Would sex work be so profitable if it weren't stigmatized or criminalized?

Amber Rhea's picture

This is a question that's been bouncing around in my mind for a few days:

"Would sex work be so profitable if it weren't stigmatized or criminalized?"

Example:

Sex work is often an attractive option for single mothers, because they can earn more money and (sometimes) work fewer hours than they would at a retail or other service industry job, thereby allowing them greater economic stability and more time with their children. But to what extent is this attributable to the stigmatized – and, with prostitution specifically, criminalized – nature of sex work?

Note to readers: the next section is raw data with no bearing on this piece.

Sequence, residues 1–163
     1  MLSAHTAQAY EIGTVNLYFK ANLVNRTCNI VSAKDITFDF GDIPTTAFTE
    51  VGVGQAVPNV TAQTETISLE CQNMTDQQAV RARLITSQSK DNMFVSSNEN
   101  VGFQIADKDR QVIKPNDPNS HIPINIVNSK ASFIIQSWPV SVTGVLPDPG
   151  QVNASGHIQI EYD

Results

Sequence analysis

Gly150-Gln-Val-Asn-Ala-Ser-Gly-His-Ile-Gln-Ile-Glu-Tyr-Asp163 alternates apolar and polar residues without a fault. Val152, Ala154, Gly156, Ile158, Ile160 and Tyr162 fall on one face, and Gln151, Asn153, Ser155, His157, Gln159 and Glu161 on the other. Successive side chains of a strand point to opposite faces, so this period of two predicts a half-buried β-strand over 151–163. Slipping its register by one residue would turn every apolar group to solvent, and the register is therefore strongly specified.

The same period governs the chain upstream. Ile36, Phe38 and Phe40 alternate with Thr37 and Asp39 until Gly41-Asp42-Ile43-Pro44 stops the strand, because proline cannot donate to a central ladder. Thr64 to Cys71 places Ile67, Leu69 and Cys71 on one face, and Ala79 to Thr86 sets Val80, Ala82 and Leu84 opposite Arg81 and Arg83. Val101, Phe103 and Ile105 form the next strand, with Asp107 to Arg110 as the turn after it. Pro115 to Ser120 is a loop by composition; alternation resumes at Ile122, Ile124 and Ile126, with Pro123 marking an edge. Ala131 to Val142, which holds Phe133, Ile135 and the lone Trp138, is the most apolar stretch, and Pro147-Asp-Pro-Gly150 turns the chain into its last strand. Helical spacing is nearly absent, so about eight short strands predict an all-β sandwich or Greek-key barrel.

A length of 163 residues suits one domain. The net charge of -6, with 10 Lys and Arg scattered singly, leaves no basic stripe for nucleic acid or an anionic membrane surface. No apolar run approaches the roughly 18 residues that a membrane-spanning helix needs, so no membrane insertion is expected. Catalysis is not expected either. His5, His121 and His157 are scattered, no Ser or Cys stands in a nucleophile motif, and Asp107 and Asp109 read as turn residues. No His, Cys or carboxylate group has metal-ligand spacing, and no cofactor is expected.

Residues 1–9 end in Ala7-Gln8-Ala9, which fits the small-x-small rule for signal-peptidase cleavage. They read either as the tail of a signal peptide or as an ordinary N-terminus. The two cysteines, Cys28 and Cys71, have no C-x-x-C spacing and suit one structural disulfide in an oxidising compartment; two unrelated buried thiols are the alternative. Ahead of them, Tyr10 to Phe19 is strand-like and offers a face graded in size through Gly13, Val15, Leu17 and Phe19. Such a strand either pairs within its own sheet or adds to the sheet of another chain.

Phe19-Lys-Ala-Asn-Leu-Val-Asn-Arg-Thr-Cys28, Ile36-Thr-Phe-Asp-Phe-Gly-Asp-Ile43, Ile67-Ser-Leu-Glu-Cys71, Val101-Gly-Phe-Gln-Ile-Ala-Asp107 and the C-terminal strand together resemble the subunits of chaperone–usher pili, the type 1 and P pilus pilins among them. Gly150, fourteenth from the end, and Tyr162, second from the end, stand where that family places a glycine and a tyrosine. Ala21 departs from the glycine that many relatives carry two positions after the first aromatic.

I think that if sex work were decriminalized and de-stigmatized, it would still offer attractive, competitive pay, for the same reasons that other professions that require specialized skills or training come with higher compensation – e.g., lawyers, doctors, etc. (No jokes about lawyers being stigmatized!) I do not think that if prostitution were decriminalized, for example, tons of women would suddenly flock to the profession; that argument holds about as much water as the argument that making emergency contraception available over the counter will encourage promiscuity.

However, I am curious to hear what others think about this question.